The bud is very strange looking and when it looks like the one in the above picture, you know that it will be opening that evening. Move the plant in an area where you will be able to observe the plant. You only get one chance to see the bloom. I have been disappointed several times to find that I missed the show!
The bloom is between 7 to 10 inches long and only grows on established plants. If you know someone who has this plant, it can be easily propagated.
Night-Blooming Cereus (S. grandiflorus) grows best from spring to fall with night temperatures between 60-65 and day temperatures between 70 to 85. In the winter, temperatures between 50 to 55 at night and under 65 during the day. Higher temperatures in winter prevent bud formation. The plant can be planted in a mixture of 2 parts peat moss, 1 part commercial potting soil and 1 part sharp sand or perlite. Keep the soil medium evenly moist and fertilize every two weeks from spring to late summer with a low nitrogen house plant fertilizer diluted to half strength. During the summer move the plant outside and mist it each week. For rest of the year, keep the plant fairly dry and do not fertilize it. The Night-Blooming Cereus is not that attractive when it is not in bloom, but it will make up for it when it does bloom.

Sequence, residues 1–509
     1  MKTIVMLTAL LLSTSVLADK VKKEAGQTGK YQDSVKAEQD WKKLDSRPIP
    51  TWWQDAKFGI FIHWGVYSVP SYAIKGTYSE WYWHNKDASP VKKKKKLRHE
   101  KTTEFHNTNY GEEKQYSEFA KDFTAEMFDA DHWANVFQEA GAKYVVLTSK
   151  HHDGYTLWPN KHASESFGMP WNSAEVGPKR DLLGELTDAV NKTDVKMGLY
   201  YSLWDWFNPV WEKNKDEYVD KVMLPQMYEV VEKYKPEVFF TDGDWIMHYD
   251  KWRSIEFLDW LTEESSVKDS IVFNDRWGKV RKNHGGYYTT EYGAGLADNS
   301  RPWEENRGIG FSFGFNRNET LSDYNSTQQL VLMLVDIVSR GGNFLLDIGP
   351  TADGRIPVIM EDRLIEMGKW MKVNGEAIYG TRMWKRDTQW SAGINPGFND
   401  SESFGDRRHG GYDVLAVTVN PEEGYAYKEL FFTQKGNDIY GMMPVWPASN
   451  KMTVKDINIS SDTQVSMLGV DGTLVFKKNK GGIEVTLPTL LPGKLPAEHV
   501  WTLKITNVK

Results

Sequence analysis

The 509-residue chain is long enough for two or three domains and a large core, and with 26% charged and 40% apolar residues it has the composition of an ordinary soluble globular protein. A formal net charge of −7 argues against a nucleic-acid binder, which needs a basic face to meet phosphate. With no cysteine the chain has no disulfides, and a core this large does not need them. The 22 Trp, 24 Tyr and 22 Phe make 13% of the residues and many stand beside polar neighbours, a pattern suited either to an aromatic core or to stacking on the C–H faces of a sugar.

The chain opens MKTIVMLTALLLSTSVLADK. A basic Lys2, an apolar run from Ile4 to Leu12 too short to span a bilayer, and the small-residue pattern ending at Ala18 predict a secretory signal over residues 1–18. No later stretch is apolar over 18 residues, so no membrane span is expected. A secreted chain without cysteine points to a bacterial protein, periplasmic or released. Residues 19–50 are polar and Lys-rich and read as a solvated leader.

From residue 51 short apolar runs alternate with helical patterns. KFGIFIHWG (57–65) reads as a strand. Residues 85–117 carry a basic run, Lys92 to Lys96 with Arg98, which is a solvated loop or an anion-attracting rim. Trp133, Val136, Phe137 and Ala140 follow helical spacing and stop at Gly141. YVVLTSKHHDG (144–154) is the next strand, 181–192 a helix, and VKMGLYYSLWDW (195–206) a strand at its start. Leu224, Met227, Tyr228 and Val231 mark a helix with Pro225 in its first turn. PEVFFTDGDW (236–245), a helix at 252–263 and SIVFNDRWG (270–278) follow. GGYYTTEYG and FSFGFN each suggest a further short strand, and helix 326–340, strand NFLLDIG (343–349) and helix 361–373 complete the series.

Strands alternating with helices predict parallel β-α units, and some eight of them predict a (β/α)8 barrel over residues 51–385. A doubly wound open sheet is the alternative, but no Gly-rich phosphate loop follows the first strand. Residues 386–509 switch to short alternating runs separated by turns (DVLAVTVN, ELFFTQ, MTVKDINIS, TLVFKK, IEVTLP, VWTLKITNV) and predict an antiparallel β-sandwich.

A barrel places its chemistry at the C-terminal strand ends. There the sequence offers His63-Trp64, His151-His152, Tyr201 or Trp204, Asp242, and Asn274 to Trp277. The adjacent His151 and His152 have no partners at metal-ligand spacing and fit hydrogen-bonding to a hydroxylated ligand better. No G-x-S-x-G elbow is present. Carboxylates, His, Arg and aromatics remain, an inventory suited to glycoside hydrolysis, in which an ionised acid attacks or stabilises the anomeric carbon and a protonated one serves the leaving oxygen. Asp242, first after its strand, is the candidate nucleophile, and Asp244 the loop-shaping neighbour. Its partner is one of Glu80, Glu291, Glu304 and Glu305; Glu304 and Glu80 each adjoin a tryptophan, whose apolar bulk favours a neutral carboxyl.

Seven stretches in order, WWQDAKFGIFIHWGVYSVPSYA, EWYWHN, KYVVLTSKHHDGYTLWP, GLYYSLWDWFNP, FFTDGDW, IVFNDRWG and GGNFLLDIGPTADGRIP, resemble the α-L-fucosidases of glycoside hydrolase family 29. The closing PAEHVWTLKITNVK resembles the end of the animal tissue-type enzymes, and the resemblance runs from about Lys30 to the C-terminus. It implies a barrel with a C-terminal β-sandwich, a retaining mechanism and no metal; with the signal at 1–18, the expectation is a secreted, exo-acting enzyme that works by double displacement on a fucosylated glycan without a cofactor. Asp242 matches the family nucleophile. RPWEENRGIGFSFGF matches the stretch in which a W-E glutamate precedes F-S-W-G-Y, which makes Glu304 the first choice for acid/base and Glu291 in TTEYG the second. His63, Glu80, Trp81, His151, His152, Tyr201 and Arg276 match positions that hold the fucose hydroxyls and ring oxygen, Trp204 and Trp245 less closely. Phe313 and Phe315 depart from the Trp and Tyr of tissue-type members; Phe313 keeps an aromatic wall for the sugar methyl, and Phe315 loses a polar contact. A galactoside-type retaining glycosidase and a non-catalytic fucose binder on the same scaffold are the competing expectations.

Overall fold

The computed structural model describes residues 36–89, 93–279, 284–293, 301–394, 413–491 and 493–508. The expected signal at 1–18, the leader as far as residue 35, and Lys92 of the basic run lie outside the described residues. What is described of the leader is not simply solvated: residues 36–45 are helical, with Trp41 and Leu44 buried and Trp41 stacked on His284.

The Creative Gardener